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|Index||278 reviews in total|
Because of the questionable nature of it's basis in fact, a story like this could have and deserved to be told in an entertaining fashion. Clooney instead stumbles as he tries to make deep, Nietzschian tale from the rather pathetic life of Chuck Barris the supposed CIA-hitman game show host. This guy's self-image was wacked from the start as his warped childhood clearly illustrates. It always surprises me that movie audiences will plaster themselves into a movie seat for this kind of junk. There are plenty of positive, inspirational lives to turn into films. "Ghandi", "Lawrence of Arabia", and even epics like "Braveheart" are examples of films that were based on uncommon lives of people who made a difference. Did a CIA hitman or a game show host ever really make a difference? Not unlike, the "Gong Show" audiences the fans of this film will most likely get a perverse pleasure watching pretty-boy Clooney falling flat on his face. Clooney should stick to acting where his limited range is at least pleasant to watch and his affable nature comes through. He should let the professionals do the directing. Just because Clooney worked with Soderberg doesn't mean Steven's talent or creativity rubbed off.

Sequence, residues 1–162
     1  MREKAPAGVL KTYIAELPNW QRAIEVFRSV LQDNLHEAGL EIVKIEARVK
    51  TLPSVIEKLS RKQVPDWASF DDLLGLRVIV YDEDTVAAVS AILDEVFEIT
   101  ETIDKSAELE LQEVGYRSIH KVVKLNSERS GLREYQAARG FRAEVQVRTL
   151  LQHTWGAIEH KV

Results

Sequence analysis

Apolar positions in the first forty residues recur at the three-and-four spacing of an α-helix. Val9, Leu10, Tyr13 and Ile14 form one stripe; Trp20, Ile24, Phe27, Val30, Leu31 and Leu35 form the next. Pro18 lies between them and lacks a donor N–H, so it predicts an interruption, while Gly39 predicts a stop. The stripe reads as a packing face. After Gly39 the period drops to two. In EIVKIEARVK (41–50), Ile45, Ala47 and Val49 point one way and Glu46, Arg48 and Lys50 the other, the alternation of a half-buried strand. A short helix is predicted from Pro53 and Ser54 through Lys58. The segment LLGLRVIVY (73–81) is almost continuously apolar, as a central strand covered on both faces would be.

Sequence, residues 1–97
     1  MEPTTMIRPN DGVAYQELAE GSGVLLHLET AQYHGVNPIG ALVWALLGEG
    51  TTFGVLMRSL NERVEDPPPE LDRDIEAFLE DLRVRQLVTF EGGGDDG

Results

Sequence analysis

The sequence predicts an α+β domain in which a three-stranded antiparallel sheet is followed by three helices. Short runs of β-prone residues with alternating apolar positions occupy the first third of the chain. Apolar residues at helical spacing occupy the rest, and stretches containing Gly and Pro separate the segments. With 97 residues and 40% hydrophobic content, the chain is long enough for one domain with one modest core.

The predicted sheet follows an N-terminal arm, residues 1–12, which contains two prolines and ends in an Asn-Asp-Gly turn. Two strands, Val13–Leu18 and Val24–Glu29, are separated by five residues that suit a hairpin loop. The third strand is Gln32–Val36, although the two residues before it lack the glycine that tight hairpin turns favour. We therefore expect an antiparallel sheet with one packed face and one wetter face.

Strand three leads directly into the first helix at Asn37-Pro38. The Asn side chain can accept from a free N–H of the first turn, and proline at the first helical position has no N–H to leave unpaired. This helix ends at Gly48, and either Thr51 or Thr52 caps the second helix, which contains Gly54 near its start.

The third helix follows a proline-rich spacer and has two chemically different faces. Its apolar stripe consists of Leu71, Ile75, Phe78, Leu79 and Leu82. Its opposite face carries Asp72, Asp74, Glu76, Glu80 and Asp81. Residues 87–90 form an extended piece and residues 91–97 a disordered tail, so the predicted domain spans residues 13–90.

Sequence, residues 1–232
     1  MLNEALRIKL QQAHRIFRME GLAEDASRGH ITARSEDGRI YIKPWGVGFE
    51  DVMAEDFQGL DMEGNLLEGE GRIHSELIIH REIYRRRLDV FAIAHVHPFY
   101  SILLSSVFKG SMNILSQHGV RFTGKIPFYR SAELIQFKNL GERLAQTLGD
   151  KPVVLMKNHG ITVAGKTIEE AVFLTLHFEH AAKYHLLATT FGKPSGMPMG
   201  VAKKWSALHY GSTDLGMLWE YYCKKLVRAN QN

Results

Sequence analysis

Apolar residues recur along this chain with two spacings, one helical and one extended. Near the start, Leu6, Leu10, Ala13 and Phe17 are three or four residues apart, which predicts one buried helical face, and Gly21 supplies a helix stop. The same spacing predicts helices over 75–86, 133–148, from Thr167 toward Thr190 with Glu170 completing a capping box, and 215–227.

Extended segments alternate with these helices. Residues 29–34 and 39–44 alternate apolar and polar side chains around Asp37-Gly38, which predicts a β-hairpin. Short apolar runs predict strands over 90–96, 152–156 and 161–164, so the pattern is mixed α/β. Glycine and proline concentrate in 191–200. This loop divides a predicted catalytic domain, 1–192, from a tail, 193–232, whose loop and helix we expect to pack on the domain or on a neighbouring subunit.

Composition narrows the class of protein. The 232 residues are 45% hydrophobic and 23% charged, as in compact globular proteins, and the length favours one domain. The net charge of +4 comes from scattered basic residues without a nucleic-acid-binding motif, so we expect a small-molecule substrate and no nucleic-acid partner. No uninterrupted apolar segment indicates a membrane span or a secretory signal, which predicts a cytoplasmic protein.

Sorry George, no offense. This film was shallow, pointless, tiring and unbelievable. Of course Chuck Barris was never a CIA agent, but I do think this idea helps him to explain some of his wierd behavior. Caught pointing a gun at people in your studio? Just say you were looking for the mole. Then no one would suspect you were free basing! Haha. Pass George a joint and a script, heck we can all get high. There were a few good scenes but they never added up to a worthy plot, and Sam Rockwell was the only thing keeping me awake. Called in a favor with the two names in the dating game, but we kept waiting for some reason to stay. Ultimately it was Sam and the great photography, otherwise, thumbs down. Why not tell the truth that Barris was schizo? Oh yea, Beautiful Mind already scooped that.
This is a movie that shows the degenerate view of the "Hollywood"
perspective of the American base of values and moralities. I am married
" New Yorker" and she was offended by the depiction of New Jersey and New
yorkers use of the f--- word injected in every other word. Is this real?
have been in the "real world" and am no saint, but this is too much.
I watch movies for entertainment value. This was not entertainment, but an obscene and sick movie to grab the profits of a degenerate audience.